4. The involvement of each parent in the children’s daily lives, including education, extracurricular activities, and healthcare decisions.
  5. The preference of the child, if the child is of sufficient age and maturity to express a reasonable preference.
  6. The geographical proximity of the parents’ homes and the impact of any required relocation on the children’s well-being.
  7. Any documented history of domestic abuse, child neglect, substance abuse, or other factors that may threaten the safety and well-being of the children.

The judge may consider any other relevant circumstances to promote the best interests of the children involved.

Child Custody Mediation and Modifications

  1. Mediation: In Florida, parents are often encouraged to reach mutually agreeable custody decisions through mediation, avoiding the need for a court hearing. With the guidance of an unbiased mediator, parents can devise a parenting plan that outlines the agreed-upon terms regarding parental responsibilities and time-sharing.
  2. Modifications: After finalizing the child custody arrangement, it may still be subject to modification if there is a significant change in circumstances. Examples of significant changes may include a parent’s relocation, changes in employment, or new evidence indicating that the current custody arrangement is not in the children’s best interests. To modify a custody order, the requesting parent must petition the court and provide evidence of the changed circumstances and demonstrate that the modification is in the best interest of the child.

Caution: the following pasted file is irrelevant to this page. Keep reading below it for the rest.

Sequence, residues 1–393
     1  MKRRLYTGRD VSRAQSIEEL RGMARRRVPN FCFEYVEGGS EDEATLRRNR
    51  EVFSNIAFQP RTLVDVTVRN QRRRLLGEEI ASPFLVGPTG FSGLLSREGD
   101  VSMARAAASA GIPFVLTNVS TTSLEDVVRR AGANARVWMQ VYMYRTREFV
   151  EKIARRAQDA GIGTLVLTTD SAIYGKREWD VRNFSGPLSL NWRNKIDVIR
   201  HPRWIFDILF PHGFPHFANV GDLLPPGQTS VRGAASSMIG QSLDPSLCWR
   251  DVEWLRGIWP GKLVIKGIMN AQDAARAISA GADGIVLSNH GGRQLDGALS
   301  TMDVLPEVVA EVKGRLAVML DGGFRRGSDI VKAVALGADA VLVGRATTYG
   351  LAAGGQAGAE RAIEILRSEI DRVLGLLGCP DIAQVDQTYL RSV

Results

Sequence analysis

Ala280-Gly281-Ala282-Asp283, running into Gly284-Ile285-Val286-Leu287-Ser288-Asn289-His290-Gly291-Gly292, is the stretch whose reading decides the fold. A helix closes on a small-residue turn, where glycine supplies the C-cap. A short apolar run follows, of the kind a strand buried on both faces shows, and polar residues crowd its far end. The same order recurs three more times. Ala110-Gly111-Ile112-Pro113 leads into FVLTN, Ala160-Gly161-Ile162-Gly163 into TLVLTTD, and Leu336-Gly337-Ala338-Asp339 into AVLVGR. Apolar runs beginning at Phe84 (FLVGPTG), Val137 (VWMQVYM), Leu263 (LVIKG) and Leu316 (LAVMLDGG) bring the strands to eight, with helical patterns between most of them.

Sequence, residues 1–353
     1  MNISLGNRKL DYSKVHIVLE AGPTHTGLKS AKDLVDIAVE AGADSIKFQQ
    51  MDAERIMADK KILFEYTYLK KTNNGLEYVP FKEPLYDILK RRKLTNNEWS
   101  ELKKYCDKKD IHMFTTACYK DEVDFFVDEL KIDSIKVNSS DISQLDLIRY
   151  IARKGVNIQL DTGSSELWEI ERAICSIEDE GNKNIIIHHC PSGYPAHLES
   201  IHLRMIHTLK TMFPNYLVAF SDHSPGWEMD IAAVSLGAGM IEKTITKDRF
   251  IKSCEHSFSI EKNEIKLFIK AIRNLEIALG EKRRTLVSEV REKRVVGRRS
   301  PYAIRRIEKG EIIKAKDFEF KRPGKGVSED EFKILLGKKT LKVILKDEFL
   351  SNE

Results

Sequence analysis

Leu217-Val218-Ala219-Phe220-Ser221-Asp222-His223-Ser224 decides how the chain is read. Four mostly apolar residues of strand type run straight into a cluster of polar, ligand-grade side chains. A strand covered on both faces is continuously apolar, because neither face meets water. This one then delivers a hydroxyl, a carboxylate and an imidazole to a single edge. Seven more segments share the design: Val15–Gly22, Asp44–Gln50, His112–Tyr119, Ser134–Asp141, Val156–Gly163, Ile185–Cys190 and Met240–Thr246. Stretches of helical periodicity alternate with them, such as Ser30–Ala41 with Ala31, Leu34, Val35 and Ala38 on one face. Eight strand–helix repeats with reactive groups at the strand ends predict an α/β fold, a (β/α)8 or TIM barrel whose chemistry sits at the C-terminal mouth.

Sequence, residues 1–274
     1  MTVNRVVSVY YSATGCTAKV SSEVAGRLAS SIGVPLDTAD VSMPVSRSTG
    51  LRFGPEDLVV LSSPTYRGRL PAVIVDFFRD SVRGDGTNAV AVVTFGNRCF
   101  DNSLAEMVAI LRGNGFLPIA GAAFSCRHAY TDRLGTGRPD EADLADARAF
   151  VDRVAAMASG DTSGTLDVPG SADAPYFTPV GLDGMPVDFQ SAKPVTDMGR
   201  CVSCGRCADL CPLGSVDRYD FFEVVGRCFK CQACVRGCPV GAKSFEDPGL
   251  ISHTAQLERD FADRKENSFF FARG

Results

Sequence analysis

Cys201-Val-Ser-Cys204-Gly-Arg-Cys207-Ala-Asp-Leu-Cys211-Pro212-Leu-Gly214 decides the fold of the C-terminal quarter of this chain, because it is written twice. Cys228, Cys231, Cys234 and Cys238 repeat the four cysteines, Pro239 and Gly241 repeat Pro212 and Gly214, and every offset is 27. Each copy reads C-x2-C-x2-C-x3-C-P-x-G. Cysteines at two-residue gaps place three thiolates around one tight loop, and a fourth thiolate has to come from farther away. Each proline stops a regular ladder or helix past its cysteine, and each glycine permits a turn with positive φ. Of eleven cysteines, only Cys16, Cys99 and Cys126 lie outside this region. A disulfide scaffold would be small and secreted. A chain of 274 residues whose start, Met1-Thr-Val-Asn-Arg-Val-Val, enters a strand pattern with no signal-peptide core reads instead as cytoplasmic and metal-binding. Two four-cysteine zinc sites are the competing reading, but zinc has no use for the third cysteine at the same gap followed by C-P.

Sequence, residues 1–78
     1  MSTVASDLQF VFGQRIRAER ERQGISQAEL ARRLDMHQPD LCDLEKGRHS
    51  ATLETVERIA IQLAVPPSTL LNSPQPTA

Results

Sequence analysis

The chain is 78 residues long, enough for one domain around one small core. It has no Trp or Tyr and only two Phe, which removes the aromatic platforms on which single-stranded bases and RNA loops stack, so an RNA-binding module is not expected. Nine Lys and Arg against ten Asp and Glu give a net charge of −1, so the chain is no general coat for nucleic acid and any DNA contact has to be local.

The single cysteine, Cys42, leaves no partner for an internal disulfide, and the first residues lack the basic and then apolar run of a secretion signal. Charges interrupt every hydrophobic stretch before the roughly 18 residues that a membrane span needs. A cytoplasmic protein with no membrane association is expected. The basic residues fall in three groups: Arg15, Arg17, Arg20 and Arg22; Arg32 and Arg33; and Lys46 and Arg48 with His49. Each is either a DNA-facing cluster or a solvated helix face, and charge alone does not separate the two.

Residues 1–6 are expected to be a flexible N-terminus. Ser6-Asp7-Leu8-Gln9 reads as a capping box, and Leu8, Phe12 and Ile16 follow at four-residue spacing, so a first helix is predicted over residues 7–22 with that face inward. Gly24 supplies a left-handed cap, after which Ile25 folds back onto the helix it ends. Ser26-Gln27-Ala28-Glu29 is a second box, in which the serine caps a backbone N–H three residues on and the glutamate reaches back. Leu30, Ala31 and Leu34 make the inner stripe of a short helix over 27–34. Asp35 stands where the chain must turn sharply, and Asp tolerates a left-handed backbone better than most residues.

While navigating child custody proceedings in Florida can be complex, understanding the legal terms, common arrangements, and factors affecting these decisions can empower parents to protect their rights and advocate for their children’s best interests. By staying informed and working with experienced family law professionals, parents can navigate this challenging process confidently and work towards the best possible outcome for their children.

Achieving the Best Outcome for Your Child Custody Case

Understanding and successfully navigating Florida child custody laws can be a complicated and emotionally challenging process. However, with the right knowledge and professional guidance, you can effectively advocate for the best interests of your children during this critical time. It’s essential to partner with a skilled family law attorney, like the team at Dorsey Law Jax, who can guide you through each stage of the process and ensure your rights and the well-being of your children are protected. Don’t face Florida’s complex child custody landscape alone – reach out to our experienced attorneys today to schedule a consultation and discuss how we can help you achieve a positive outcome in your child custody case.

December 7, 2023

The Importance of Parental Relocation in Florida Family Law